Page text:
How on earth did you manage to feed her before she left home?? I can't believe your food budget suddenly won't stretch just because she's technically left home, albeit temporarily.

titchy Mon 13-Jun-16 14:49:19

They probably had CB for her floggin.....

titchy Mon 13-Jun-16 14:49:54

But yes stop tiptoeing around and tell her to get a summer job.

whois Mon 13-Jun-16 14:51:27

You can let her know that money is really tight and it would really help if she got a job.

If hope you could feed everyone on super cheap food though until she goes back?

budgiegirl Mon 13-Jun-16 14:52:19

but it's really hard to get temporary jobs these days

Probably true, but she could at least try to find something

OurBlanche Mon 13-Jun-16 14:53:54

Well... she is an adult, stop treatingher like a child... tell her you can't afford to keep he, she must contribute to the family coffers.

It boils down to money: if yiuy can't afford to keep her then you can't afford to keep her. No amount of "It's not fair" or "Oh, it's so hard to get atemporary job" is going to put an extra amount of cash in you hand.

- and temp jobs are easy to get. The problem is they are rarely convenient!

coco1810 Mon 13-Jun-16 14:56:03

Just tell her straight, you need to get a summer job! My eldest DC is 12 and he knows as soon as he is old enough he will have to get a part time job. That's not meanness, that's us teaching him that if he wants nice stuff he's going to have to work for it.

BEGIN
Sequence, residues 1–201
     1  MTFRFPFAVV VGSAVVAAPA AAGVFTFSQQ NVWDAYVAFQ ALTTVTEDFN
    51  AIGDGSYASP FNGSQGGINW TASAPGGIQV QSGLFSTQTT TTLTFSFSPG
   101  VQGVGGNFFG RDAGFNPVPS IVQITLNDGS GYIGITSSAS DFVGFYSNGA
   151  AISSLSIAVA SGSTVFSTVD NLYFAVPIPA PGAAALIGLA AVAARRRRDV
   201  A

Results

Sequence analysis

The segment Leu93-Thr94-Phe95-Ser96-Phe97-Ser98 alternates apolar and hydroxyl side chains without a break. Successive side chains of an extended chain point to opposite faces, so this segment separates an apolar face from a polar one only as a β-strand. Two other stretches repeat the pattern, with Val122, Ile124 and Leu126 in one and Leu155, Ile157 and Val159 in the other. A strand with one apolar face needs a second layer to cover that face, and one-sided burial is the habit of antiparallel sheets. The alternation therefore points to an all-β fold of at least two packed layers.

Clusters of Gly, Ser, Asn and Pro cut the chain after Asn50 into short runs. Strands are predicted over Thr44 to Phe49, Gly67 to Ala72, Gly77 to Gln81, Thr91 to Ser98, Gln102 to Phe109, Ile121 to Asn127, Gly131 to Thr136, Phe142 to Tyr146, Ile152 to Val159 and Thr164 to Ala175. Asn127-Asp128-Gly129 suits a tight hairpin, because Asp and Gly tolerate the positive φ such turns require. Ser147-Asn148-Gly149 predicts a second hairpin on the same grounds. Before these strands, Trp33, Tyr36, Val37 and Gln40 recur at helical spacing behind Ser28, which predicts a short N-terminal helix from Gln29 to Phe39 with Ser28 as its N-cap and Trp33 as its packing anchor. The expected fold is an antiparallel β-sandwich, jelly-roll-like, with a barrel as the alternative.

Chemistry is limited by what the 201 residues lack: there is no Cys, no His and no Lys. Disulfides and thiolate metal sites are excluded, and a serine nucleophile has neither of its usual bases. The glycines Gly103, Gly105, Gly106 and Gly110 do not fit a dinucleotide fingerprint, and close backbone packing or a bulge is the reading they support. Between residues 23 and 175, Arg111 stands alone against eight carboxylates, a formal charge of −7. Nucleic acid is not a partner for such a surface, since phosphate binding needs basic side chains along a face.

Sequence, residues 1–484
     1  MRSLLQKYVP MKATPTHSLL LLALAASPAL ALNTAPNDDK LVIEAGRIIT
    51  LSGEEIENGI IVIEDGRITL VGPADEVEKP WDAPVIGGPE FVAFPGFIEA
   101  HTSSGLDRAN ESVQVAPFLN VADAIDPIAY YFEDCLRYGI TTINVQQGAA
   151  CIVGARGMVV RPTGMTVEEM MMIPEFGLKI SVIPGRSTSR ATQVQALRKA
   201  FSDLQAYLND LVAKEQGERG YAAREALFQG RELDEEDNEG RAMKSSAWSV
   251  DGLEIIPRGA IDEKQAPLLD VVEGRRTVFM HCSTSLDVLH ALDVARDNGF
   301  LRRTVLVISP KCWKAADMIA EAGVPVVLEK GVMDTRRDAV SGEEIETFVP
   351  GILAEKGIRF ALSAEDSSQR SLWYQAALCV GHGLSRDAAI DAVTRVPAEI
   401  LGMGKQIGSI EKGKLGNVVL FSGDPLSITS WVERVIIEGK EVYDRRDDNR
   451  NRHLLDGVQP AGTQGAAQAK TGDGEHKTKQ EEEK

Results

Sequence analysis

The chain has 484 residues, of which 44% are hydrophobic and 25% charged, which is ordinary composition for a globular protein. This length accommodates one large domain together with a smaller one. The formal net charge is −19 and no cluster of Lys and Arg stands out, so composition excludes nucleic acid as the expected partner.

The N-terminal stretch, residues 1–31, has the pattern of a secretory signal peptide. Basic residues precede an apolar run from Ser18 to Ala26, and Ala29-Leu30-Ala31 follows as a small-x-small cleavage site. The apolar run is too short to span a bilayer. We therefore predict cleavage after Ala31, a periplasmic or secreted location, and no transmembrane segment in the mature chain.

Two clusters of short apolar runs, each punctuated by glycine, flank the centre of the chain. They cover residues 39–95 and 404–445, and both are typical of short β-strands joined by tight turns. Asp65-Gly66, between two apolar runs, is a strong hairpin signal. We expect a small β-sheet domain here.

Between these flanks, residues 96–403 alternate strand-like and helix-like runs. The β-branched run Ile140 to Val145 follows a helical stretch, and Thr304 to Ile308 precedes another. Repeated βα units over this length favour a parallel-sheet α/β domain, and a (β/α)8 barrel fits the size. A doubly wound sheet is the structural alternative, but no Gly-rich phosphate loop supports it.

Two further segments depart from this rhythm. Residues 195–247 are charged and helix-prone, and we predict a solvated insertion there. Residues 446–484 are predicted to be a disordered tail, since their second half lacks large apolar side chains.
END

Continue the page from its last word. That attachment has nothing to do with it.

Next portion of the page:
katemiddletonsnudeheels Mon 13-Jun-16 14:57:38

Oh definitely, but you can get into a standoff without realising.

My mum and dad were the same. They had it very firmly in their heads that 14 year olds worked in part time jobs because they all did when they were at school. I remember being dragged around a shopping arcade by my dad being made to ask if any jobs were going blush of course there weren't!

There's a massive difference between 14 and 19 of course.

I think you would not be unreasonable to refuse her the food she wants but to actually not feed her at all? shock V unreasonable!

prettywhiteguitar Mon 13-Jun-16 14:58:34

Gardening is a good temporary job

katemiddletonsnudeheels Mon 13-Jun-16 14:58:56

Another little story if you like is that I always had to work when home from holidays, fine, but it was relentless and constant.

I nearly failed my second year because I was exhausted.

In my third year I didn't work because I realised that my degree was more important.

Princecharlesfirstwife Mon 13-Jun-16 15:01:45

Eldest dc returned from first year at uni a couple of weeks ago. I'm not that keen on upsetting him either, so out of the kindness of my heart i drove him to his job interview. He's now working approx 5 days a week at the local DIY warehouse. Can't say he wouldn't rather be sitting on his backside drinking beer with his friends but the £800 a month he'll be earning is a bit of an incentive.